Biographia Literaria: Or, Biographical Sketches of My Literary Life and Opinions

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Leavitt, Lord & Company, 1834 - English poetry - 351 pages
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Page 254 - While he was talking thus, the lonely place, The old Man's shape, and speech, all troubled me: In my mind's eye I seemed to see him pace About the weary moors continually, Wandering about alone and silently. While I these thoughts within myself pursued, He, having made a pause, the same discourse renewed.
Page 274 - Ah ! then if mine had been the painter's hand, To express what then I saw ; and add the gleam, The light that never was, on sea or land, The consecration, and the poet's dream...
Page 206 - At her feet he bowed he fell, he lay down at her feet he bowed, he fell where he bowed, there he fell down dead...
Page 276 - Not for these I raise The song of thanks and praise : But for those obstinate questionings Of sense and outward things, Fallings from us, vanishings ; Blank misgivings of a creature Moving about in worlds not realized ; High instincts before which our mortal nature Did tremble like a guilty thing surprised...
Page 132 - Keen Pangs of Love, awakening as a babe Turbulent, with an outcry in the heart ; And Fears self-willed, that shunned the eye of Hope; And Hope that scarce would know itself from Fear ; Sense of past Youth, and Manhood come in vain, And Genius given, and Knowledge won in vain...
Page 274 - By sheddings from the pinal umbrage tinged Perennially — beneath whose sable roof Of boughs, as if for festal purpose decked With unrejoicing berries, ghostly shapes May meet at noontide — FEAR and trembling HOPE, SILENCE and FORESIGHT— DEATH, the skeleton, And TIME, the shadow — there to celebrate, As in a natural temple scattered o'er With altars undisturbed of mossy stone, United worship; or in mute repose To lie, and listen to the mountain flood Murmuring from Glaramara's inmost caves.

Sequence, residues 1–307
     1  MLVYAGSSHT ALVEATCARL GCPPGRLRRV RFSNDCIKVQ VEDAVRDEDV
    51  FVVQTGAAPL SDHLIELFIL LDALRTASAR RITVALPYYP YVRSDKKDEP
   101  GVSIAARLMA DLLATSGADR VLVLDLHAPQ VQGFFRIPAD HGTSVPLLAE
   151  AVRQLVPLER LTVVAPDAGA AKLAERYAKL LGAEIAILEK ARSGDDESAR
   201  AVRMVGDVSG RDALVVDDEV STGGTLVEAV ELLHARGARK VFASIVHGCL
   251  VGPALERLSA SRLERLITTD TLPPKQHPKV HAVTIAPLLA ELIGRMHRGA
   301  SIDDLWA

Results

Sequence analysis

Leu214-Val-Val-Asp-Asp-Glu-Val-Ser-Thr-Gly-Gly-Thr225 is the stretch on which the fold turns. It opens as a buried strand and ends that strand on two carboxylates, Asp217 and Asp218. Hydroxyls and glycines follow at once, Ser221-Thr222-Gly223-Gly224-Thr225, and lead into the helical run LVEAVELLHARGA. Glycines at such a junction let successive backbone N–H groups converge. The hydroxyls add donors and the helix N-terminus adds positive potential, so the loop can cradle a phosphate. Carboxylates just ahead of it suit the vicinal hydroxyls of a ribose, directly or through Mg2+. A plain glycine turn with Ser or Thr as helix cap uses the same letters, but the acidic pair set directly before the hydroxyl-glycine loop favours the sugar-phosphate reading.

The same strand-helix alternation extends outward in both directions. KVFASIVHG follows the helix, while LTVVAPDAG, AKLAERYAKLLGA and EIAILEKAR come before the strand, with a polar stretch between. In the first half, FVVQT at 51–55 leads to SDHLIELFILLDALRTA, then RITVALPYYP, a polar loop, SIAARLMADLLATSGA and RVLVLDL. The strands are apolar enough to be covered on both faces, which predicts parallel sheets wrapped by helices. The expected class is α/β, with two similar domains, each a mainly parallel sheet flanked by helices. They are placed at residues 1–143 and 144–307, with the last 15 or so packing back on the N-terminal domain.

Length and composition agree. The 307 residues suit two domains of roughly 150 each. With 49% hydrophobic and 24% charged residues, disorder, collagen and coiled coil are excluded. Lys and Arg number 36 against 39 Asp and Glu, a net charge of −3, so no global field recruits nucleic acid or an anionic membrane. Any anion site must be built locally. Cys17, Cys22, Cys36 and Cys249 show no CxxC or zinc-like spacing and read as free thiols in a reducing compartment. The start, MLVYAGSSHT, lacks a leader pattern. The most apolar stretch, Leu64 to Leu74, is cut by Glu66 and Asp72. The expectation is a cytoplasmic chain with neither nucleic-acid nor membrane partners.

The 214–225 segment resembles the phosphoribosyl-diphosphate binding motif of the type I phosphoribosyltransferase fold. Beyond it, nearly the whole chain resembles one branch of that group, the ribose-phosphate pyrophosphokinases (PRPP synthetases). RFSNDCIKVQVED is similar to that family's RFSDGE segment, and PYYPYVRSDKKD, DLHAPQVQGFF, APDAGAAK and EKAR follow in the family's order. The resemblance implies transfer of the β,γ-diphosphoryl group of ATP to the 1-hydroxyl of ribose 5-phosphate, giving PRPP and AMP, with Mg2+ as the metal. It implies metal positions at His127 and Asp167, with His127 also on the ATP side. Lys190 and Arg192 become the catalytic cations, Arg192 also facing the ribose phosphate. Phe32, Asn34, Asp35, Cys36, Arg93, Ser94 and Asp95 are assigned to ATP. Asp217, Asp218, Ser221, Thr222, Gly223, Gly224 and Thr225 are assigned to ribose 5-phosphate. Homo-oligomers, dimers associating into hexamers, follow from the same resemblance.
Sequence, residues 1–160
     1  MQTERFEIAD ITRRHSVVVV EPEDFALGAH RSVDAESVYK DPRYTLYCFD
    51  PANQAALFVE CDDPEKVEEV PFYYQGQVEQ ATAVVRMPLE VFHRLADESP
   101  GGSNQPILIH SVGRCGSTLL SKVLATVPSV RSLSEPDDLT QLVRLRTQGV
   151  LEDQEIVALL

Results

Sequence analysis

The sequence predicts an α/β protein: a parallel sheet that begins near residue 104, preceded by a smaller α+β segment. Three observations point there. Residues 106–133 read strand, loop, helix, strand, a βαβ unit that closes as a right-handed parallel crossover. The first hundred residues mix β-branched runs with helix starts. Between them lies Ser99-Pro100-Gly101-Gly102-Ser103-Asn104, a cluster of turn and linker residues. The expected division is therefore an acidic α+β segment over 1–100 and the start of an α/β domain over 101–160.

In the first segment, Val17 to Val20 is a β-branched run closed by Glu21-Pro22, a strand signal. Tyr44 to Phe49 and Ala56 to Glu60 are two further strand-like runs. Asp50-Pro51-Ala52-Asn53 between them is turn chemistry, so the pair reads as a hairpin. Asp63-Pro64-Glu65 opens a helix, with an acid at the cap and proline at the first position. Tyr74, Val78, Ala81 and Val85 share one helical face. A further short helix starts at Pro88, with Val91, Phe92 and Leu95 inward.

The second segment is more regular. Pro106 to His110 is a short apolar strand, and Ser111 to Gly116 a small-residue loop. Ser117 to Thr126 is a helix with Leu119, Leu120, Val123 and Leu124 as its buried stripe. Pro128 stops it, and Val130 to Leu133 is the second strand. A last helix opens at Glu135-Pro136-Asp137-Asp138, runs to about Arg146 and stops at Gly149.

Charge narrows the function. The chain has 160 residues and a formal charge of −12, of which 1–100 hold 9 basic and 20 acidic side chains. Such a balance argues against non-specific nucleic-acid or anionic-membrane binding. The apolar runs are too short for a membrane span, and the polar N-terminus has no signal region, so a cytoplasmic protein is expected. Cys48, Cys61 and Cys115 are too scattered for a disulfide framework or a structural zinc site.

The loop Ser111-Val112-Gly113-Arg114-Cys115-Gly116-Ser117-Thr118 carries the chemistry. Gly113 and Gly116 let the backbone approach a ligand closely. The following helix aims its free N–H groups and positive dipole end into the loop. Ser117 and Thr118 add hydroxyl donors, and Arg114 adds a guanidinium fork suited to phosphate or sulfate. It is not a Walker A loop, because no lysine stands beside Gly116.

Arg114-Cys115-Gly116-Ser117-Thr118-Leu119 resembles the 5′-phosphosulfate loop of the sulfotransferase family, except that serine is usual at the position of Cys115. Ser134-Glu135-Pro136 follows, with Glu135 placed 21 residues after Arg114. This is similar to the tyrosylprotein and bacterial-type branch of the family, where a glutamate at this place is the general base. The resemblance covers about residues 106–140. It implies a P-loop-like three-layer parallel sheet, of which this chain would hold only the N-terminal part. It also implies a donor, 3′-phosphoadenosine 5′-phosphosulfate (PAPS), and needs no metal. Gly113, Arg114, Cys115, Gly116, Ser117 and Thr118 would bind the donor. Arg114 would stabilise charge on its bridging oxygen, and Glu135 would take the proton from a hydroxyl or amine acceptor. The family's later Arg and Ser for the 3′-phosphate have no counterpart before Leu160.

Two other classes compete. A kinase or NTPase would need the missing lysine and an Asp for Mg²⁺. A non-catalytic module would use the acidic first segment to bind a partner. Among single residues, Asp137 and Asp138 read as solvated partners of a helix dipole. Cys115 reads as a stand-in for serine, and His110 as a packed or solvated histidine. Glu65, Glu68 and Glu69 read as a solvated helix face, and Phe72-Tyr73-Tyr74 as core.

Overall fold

Page 212 - Yet nature is made better by no mean But nature makes that mean : so, over that art Which you say adds to nature, is an art That nature makes.
Page 246 - Ocean and earth, the solid frame of earth And ocean's liquid mass, beneath him lay . In gladness and deep joy. The clouds were touched, And in their silent faces could he read Unutterable love. Sound needed none, Nor any voice of joy ; his spirit drank The spectacle : sensation, soul, and form All melted into him ; they swallowed up His animal being ; in them did he live, And by them did he live ; they were his life.
Page 184 - Not mine own fears, nor the prophetic soul Of the wide world dreaming on things to come, Can yet the lease of my true love control, Supposed as forfeit to a confined doom.
Page 239 - Of mountain torrents ; or the visible scene Would enter unawares into his mind With all its solemn imagery, its rocks, Its woods, and that uncertain heaven, received Into the bosom of the steady lake.

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